Belonging | at a train station

Iffet.jpg
 

AWE
PHOTO SERIES

By Joost Gijzel (pictures) and Anoek Hofkens (text)

One can often find Illfet Subasi (26) at central station in Rotterdam. As a journalist, she always commutes to her work by train, but that’s not the only reason she is often at the station. “Everything begins and ends here,” she says.

“My cousin got married in the bar ‘Engels’, just around the corner,” she says while standing at the square right in front of the station. “And my father, brother and sister in law live in that neighbourhood over there,” she continues, pointing in a different direction.

People make their way around her - all in a rush to catch their trains. It’s a sunny, late summer afternoon and Iffet’s headscarf gently dances in the warm wind. She then takes her headscarf in her left hand and starts playing with it just as girls play with their hair. “I love the hustle and bustle here,” she says, glancing around. “The people around me tend to calm me down,” she continues with a smile.

 
Happy memories make me feel at home here.
 

“There are so many places in close proximity of this station where I’ve collected nice memories,” she says. “They sell, for example, the best curried chicken sandwiches just a bit further down the street. And I conduct all my interviews on a street that’s only a few blocks away. In the building over there, the Manhattan hotel, I once went to a press conference of Zülfü Livaneli, an influential Turkish writer I admire. That was very special. Besides, this station is the place where I always meet my friends. I think that all these happy memories make me feel at home here.”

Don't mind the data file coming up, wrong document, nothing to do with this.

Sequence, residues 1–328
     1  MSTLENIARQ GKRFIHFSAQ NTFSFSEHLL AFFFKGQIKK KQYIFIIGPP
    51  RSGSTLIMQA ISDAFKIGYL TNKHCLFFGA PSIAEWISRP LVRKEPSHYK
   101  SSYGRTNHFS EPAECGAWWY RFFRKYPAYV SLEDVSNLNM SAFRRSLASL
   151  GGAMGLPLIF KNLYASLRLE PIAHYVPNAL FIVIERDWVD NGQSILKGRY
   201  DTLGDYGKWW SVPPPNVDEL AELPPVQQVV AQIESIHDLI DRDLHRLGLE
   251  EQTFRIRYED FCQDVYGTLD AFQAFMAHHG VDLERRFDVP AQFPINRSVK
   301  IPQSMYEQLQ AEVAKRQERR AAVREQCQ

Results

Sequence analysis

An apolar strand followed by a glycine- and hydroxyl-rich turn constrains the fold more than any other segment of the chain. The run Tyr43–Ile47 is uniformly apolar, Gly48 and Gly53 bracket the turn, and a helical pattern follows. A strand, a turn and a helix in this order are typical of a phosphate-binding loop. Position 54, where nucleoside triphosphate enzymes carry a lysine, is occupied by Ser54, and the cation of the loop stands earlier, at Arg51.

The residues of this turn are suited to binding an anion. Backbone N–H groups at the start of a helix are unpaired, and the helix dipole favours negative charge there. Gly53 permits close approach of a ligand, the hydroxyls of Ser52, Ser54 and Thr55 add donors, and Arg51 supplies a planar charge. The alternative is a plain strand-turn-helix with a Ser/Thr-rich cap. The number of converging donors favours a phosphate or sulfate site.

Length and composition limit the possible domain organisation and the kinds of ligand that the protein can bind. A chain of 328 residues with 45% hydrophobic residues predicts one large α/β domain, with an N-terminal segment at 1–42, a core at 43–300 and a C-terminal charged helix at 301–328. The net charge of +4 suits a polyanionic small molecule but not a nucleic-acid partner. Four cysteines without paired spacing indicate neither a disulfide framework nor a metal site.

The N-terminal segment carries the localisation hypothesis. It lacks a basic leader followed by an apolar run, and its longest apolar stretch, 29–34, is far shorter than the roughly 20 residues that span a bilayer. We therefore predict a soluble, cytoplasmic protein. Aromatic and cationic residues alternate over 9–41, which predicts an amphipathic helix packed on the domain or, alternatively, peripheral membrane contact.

Feeling at home is a moment
 

“Turkish-Dutch people are often asked ‘Where do you feel at home most, in The Netherlands or in Turkey?’ One’s home is often related to a country, but one can feel at home in multiple countries. Feeling at home is a moment to me. When I get off the train at the station after a day of work I always get this nice feeling, like ‘finally, I’m home’.”

“Besides,” Iffet continues, “choosing between Turkey and the Netherlands is like choosing between your mom and your dad. It’s impossible. Being both Turkish and Dutch is not the same as being only Dutch or only Turkish. By combining aspects of both cultures we have created our own culture.”

“Ever since the station was reconstructed, the station has an actual living room - did you know that? In this living room you have - just like at home - wifi, couches and nice decorations; this creates a really cosy ambience. You can take a seat there without having to order something at the bar. This one time I forgot my key and my mom told me ‘Why don’t you wait in the living room?’ It really feels like one.”

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By photographing and interviewing different kinds of people who feel at home in the Netherlands, photographer Joost Gijzel and journalist Anoek Hofkens show how diverse the Dutch society is. The question 'Where does someone belong?' is difficult to answer. It’s not necessarily the place where someone was born or where someone is meant to be. Where you belong is the place you long for at times when you’re not there.